Apart from this biological connection with the First Family of the False Dawn, the Inheritor also had the priceless advantage of being nominally related to the Pitr of post-colonial India. In the ideal world that man’s name would be scrubbed from the annals of Bharatvarsha, but given Hindu tolerance, our genius for creative assimilation and the power of the man’s brand, claiming him as a progenitor was easier than purging him. Also, it allowed the New History to suggest a metaphorical passing of the flame from M. Gandhi to Mrs Gandhi to the Inheritor, excising, en passant that Arch-Appeaser, that Pseudo-Socialist, that Angst-Ridden Angrez (who luckily went by another surname) from the political history of Hindusthan.
It ought to be clarified here that the history sketched out above isn’t a drab chronicle of actual occurrence: it is something of a work in progress, at once history and prophesy. Not all the landmark events referred to have actually happened. The Second Republic is yet to be and the great Reconstitution is some years distant, eight to be precise. With the blessings of the Great Golwalkar, the results of the 2009 elections will lay the foundation for that golden age. For this we need the Nativists for the Defence of Aryavarta to vanquish the Unpatriotic Party of Appeasement. But even if this doesn’t pan out, we can still work to ensure that this sketch of the future becomes the history of Bharat.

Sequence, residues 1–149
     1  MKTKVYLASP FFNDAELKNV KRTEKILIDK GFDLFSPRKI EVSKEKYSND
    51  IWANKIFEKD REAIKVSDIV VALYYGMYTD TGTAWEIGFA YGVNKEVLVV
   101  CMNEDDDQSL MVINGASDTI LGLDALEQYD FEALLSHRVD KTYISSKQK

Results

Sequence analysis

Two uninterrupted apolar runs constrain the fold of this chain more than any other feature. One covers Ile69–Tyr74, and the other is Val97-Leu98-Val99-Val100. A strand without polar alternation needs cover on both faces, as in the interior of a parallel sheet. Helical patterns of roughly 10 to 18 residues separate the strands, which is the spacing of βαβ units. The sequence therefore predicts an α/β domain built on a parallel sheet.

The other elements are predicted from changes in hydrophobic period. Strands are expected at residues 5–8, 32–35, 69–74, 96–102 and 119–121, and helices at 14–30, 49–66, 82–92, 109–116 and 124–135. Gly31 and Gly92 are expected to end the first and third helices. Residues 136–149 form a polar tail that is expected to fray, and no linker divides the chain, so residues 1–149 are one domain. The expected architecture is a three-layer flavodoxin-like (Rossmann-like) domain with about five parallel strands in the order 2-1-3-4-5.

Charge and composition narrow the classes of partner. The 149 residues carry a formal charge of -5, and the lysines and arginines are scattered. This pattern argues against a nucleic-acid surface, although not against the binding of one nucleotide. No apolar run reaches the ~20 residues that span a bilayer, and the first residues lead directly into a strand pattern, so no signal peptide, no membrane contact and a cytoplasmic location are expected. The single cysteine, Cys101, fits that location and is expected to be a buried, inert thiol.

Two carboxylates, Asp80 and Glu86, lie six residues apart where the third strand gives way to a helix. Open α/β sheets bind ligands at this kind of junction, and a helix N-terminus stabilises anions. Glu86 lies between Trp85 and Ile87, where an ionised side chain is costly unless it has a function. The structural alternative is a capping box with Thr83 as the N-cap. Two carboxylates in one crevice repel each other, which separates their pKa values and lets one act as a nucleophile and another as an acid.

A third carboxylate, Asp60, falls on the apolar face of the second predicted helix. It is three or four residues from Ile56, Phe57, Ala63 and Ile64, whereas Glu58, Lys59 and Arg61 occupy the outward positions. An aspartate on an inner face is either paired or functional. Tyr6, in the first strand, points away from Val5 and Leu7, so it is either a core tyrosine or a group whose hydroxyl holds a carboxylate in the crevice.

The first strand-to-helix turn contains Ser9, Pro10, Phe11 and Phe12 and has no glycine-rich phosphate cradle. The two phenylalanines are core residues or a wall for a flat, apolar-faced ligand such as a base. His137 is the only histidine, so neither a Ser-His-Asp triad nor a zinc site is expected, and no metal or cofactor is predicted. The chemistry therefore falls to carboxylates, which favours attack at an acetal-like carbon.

The Latest Lauhpurush will sweep the western regions of Bharatvarsha while the triumph of the True Inheritor and the Matriarch in Pilibhit and Aonla is certain so our history of the Second Republic can commence immediately with these constituencies treated as its early territories, rather the like the 13 colonies that initially constituted the United States. Much, of course, remains to be done, such as the annexation of the Mayan Empire, the taming of Bolshevik Bengal, the reassimilation of the godless Dravida country and the cleansing of eclectic Kerala, but that should not dishearten us because much can be immediately achieved.
The True Inheritor’s greatly raised profile is in itself a triumph because he epitomizes the Hindutvavadi Hero in his bloodlines. He combines in himself three faiths, Zoroastrianism, Sikhism and Hinduism, which have many rightful complaints against the faith that the True Inheritor cannot currently name for legal reasons. He plans, however, to carry on the good work done by the Matriarch in compiling a handbook of Hindu first names by issuing a Guide to Permissible Muslim Names. Scary Muslim monikers like Karimullah and Amanullah will be proscribed partly because they sound sinister and partly because names that suggest that the descendants of Babur could be benign or peaceful are clearly forms of false advertising if not misleading marketing.
In this way, step by incremental step, shall this corruptly pluralist republic be purged and the Hindu nation consolidated. By the end of this historic process we shall have achieved the Second Republic. Under its aegis no pseudo-secular historian will dream of using a title as vague as India After Gandhi without specifying the first name of the homonymous pygmy who came Before.